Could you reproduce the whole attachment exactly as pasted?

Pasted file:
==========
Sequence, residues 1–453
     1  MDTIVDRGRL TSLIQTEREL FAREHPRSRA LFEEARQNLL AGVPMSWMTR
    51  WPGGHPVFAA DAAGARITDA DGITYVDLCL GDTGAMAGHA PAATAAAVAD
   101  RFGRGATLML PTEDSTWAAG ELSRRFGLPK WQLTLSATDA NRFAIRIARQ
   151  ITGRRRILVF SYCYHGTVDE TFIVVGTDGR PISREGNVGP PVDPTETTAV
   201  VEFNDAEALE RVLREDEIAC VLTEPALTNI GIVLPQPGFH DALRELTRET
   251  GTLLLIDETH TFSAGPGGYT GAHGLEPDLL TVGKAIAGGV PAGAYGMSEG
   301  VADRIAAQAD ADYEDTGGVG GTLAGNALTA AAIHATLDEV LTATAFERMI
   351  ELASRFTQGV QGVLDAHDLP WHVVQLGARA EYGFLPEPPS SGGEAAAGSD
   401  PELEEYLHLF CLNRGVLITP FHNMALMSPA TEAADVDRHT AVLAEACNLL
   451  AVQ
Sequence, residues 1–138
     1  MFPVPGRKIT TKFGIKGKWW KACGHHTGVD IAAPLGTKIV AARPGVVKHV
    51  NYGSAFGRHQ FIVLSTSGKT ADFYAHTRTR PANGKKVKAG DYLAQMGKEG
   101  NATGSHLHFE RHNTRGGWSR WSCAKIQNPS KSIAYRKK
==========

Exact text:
Sequence, residues 1–453
     1  MDTIVDRGRL TSLIQTEREL FAREHPRSRA LFEEARQNLL AGVPMSWMTR
    51  WPGGHPVFAA DAAGARITDA DGITYVDLCL GDTGAMAGHA PAATAAAVAD
   101  RFGRGATLML PTEDSTWAAG ELSRRFGLPK WQLTLSATDA NRFAIRIARQ
   151  ITGRRRILVF SYCYHGTVDE TFIVVGTDGR PISREGNVGP PVDPTETTAV
   201  VEFNDAEALE RVLREDEIAC VLTEPALTNI GIVLPQPGFH DALRELTRET
   251  GTLLLIDETH TFSAGPGGYT GAHGLEPDLL TVGKAIAGGV PAGAYGMSEG
   301  VADRIAAQAD ADYEDTGGVG GTLAGNALTA AAIHATLDEV LTATAFERMI
   351  ELASRFTQGV QGVLDAHDLP WHVVQLGARA EYGFLPEPPS SGGEAAAGSD
   401  PELEEYLHLF CLNRGVLITP FHNMALMSPA TEAADVDRHT AVLAEACNLL
   451  AVQ
Sequence, residues 1–138
     1  MFPVPGRKIT TKFGIKGKWW KACGHHTGVD IAAPLGTKIV AARPGVVKHV
    51  NYGSAFGRHQ FIVLSTSGKT ADFYAHTRTR PANGKKVKAG DYLAQMGKEG
   101  NATGSHLHFE RHNTRGGWSR WSCAKIQNPS KSIAYRKK